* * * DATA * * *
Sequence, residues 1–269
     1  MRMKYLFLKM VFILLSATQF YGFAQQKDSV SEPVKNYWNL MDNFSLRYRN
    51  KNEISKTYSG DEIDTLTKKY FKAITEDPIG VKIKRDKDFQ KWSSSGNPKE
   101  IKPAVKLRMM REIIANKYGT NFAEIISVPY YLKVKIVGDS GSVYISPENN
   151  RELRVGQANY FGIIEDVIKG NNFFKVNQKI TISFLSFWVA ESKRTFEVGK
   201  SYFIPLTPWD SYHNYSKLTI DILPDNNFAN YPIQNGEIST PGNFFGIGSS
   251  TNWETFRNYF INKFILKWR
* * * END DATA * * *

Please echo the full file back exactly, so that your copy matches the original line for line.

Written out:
Sequence, residues 1–269
     1  MRMKYLFLKM VFILLSATQF YGFAQQKDSV SEPVKNYWNL MDNFSLRYRN
    51  KNEISKTYSG DEIDTLTKKY FKAITEDPIG VKIKRDKDFQ KWSSSGNPKE
   101  IKPAVKLRMM REIIANKYGT NFAEIISVPY YLKVKIVGDS GSVYISPENN
   151  RELRVGQANY FGIIEDVIKG NNFFKVNQKI TISFLSFWVA ESKRTFEVGK
   201  SYFIPLTPWD SYHNYSKLTI DILPDNNFAN YPIQNGEIST PGNFFGIGSS
   251  TNWETFRNYF INKFILKWR